Xinjiang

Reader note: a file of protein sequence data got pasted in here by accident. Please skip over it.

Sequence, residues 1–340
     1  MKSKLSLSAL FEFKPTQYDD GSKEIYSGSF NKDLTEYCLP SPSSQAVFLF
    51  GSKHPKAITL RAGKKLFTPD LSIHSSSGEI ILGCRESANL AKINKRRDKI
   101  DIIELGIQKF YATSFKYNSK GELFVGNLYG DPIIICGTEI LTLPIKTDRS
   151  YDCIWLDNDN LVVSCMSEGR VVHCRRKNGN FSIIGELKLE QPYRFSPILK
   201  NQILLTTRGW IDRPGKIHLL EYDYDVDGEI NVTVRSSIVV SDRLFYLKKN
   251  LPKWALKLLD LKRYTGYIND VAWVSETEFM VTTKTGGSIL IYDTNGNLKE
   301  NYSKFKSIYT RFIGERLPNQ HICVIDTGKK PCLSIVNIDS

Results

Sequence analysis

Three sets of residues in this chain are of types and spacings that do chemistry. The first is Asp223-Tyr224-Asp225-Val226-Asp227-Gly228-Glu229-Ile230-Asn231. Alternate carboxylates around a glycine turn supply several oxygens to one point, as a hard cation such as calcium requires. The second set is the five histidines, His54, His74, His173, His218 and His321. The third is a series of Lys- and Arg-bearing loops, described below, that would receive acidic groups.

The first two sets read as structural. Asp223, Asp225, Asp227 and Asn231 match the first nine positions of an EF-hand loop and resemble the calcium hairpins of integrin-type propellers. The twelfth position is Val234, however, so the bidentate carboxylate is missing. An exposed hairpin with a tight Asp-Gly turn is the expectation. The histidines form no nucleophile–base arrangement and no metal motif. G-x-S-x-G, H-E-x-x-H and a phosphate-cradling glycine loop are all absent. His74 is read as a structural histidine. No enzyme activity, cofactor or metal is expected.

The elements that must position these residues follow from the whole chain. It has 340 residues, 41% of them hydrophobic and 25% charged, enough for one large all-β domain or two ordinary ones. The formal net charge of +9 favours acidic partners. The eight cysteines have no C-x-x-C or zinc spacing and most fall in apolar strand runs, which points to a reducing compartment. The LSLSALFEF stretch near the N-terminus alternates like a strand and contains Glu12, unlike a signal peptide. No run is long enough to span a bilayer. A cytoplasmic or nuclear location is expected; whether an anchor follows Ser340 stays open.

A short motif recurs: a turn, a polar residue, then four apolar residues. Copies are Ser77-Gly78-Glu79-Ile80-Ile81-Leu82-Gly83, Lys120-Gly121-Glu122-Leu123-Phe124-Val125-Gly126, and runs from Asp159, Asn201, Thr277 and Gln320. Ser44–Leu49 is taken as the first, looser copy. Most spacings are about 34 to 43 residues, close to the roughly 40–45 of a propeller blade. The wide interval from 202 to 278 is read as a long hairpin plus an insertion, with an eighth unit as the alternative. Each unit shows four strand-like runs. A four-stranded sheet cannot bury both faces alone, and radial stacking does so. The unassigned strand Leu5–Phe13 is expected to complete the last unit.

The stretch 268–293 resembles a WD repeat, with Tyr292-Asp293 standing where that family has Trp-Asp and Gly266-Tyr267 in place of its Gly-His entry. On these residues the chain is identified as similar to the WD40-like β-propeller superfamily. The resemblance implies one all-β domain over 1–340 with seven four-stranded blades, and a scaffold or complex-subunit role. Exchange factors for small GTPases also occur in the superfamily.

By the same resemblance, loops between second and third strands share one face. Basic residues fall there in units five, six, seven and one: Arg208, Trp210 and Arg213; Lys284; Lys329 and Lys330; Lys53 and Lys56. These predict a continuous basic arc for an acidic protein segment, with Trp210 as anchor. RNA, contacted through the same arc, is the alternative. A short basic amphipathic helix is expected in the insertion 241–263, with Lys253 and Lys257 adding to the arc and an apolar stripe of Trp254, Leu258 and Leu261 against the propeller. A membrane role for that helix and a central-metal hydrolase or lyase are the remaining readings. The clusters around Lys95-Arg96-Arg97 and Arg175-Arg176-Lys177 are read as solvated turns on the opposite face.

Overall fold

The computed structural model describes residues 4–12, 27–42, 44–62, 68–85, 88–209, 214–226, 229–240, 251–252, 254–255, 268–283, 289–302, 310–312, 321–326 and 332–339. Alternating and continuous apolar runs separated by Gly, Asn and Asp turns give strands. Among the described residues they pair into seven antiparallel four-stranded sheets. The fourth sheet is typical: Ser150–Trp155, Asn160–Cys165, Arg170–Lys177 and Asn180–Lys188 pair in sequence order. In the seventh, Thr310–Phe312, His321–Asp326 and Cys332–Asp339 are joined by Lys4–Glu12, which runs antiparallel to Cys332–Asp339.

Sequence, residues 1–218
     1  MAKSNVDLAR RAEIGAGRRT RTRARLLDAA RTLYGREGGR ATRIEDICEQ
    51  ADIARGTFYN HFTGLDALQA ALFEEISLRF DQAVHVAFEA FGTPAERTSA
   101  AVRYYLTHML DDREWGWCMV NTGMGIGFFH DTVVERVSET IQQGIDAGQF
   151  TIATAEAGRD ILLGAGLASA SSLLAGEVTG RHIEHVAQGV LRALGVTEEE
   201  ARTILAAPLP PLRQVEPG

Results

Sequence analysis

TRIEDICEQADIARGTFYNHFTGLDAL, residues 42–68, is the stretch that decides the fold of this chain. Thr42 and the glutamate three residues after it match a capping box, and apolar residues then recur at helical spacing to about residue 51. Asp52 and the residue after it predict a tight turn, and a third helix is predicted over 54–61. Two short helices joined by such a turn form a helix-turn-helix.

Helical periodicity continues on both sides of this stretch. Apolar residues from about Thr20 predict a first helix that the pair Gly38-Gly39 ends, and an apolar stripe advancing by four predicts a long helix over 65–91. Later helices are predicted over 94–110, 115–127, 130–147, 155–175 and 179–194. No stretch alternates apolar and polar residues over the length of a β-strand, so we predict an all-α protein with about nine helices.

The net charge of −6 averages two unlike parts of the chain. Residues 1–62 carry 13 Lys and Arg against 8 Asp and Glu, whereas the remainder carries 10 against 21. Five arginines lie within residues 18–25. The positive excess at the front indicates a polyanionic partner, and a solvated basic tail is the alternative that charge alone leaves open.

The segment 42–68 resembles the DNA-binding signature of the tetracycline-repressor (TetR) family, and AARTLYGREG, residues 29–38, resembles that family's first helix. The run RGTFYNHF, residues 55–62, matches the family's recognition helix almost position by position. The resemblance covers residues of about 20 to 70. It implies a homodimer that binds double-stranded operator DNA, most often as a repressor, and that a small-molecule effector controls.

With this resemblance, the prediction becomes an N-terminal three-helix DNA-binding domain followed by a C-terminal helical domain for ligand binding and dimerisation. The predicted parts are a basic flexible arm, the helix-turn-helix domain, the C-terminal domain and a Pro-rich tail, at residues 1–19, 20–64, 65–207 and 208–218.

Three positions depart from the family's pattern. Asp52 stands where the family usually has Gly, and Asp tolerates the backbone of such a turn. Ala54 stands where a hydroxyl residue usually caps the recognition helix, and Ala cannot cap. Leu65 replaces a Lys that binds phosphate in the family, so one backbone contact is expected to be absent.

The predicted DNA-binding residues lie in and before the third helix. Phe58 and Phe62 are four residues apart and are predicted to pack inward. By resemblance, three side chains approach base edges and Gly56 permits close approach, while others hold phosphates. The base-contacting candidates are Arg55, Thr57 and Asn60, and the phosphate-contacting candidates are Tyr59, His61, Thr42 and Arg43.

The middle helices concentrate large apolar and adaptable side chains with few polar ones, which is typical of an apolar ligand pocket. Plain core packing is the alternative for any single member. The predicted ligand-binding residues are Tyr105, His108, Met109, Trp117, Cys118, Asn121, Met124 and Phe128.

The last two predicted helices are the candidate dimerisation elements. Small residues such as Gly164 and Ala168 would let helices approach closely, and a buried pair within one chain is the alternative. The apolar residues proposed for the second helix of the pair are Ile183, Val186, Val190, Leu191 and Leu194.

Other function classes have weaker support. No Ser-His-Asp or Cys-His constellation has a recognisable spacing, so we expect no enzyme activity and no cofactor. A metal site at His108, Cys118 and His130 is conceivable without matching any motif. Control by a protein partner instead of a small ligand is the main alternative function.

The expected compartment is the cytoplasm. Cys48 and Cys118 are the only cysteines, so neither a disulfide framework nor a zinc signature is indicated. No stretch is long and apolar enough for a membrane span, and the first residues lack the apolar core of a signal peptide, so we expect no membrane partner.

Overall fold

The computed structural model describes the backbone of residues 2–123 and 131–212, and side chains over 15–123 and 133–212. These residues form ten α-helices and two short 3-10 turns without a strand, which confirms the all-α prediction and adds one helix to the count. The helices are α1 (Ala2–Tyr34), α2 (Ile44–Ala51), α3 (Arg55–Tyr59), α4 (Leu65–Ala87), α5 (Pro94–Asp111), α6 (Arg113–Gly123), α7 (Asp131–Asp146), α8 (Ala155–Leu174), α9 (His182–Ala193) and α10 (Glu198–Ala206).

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Xinjiang (Mandarin, ‘new frontier'; Sinkiang or Chinese Turkistan) Autonomous region in nw China, bordered by Tajikistan, Kyrgyzstan, and Kazakstan (n and w), Mongolia (e) and Kashmir and Tibet (s); the capital is Ürümqi. Xinjiang includes the Dzungarian Basin to the e and the Tarim Basin to the w. The Altai, Tian Shan, and Kunlun mountains frame the region to the n, w, and s respectively. First conquered by the Chinese in the 1st century bc, Xinjiang changed hands many times in the following centuries. From the 13th to 18th centuries, the Mongols loosely controlled the area. In 1756, the Qing dynasty assumed control of the region. It became a Chinese province in 1881. It is a mainly agricultural region growing wheat, cotton, maize, rice, millet, vegetables, and fruit. Livestock rearing (particularly sheep) is also important. The area is rich in minerals including oil, copper, zinc, gold and silver. Industries: iron and steel, chemicals, textiles. Area: 1,647,435sq km (636,075sq mi). Pop. (2000) 19,250,000.